There is mounting interest in the study of circulating biomarkers – namely, molecular entities that are found in various biological fluids in vivo. This interest in large part is driven by the fact that these molecular entities represent a snapshot of the in vivo situation – physiological or disease states – and can be easily harvested via collection of biological-fluids in a minimally invasive manner (urine collection, a blood draw, a lumbar puncture, for instance).
Currently, studies on circulating biomarkers are focusing on the following entities:
Circulating DNA – This is produced by dying cells in vivo and is most-closely associated with cancer since tumors tend to undergo necrotic cell death and this releases circulating tumor DNA (ctDNA) which contain the somatic mutations found in the tumor and can be studied via next generation sequencing for instance to identify the types of mutations present. Many studies have demonstrated that the amount of circulating tumor DNA is correlated with progression of the cancer process and furthermore the capture of ctDNA scales across many types of cancer – this suggests that ctDNA may be a powerful circulating biomarker for cancer liquid biopsy development.
Circulating RNA – This is found in a free form in biofluids complexed to proteins or found enveloped within vesicles [see below – last category]. Both long and short RNAs comprise the category; the former may be mRNAs or long non-coding RNAs (lncRNAs) and the short RNA category represent the microRNAs. Given that the expression of RNA is associated with tissue specificity as well as intracellular metabolic changes, it is believed that the capture and analyses of RNA species from biofluids will yield insights into the in vivo state. Circulating microRNAs, for instance, reflect changes taking place in the tissue from where they are derived and signatures of microRNA expression profiles are correlated with disease processes most notably various classes of cancer. miR-21 for instance is up-regulated in solid tumors and is also detected in biological fluids.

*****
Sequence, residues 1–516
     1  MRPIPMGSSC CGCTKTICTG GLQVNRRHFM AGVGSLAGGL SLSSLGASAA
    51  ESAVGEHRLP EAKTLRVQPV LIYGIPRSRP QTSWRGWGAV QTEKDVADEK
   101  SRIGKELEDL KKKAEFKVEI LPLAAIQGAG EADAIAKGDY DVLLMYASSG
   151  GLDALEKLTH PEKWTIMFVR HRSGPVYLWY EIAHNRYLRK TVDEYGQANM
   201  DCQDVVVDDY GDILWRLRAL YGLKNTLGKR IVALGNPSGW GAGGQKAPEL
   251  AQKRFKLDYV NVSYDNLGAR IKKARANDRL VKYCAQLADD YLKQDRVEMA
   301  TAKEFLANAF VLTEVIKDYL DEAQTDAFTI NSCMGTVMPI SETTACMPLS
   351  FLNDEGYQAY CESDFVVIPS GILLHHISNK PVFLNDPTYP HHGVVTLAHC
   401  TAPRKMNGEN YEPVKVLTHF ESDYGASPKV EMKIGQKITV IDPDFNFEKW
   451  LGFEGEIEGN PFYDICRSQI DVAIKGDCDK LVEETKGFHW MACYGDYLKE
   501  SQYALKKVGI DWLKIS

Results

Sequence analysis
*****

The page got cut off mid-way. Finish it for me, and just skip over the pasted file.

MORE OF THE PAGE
Circulating Tumor Cells (CTCs) – This category of circulating biomarker represents cells sloughed-off from the primary tumor, which perhaps serve to seed secondary metastases at distant sites. There is still controversy in the literature as to the origin of CTCs and their functional role vis-à-vis progression of the oncologic process in vivo. Part of the challenge with CTCs resides in the fact that there are very CTCs in cancer patients [range is 5-7 CTCs per 7.5 mls of blood drawn] and that CTC numbers are not generally found elevated in all cancer classes—this may reflect the biology of tumors and mechanisms of generation of CTCs from the tumor mass which may be different depending on the anatomic location of the tumor, its vascularization as well as the dimensions of the tumor. Therefore, CTCs may be an excellent circulating biomarker for specific cancer classes and perhaps not all cancers.
Exosomes and other Classes of Extracellular Vesicles (EVs) – This category of circulating biomarkers have received extensive attention of late given the fact that EVs are a reservoir of circulating biomarkers (protein and RNAs are well documented; DNA is more controversial) and are very abundant in the blood (estimated at 1010-1011 vesicles per ml). Exosomes can be isolated from biofluids and their biomarker cargo studied—this has been accomplished in numerous studies and has demonstrated that indeed EVs can serve as circulating biomarkers and can provide a comprehensive picture of the in vivo milieu – exosome-derived RNA contains both large RNA species as well as small RNAs such as microRNAs.
Chart 1. Candidates for Liquid Biopsy Development.
Source: Enal Razvi, PhD, Select Biosciences, Inc.
Liquid Biopsies Moving into the Mainstream
- Minimally invasive increasing patient compliance
- Capture a broad perspective of the in vivo milieu as opposed to a limited spatial picture obtainable by a tissue biopsy—broader picture provides more actionable information
- Lower cost of biopsy
- Longitudinal patient monitoring thereby following disease progression temporally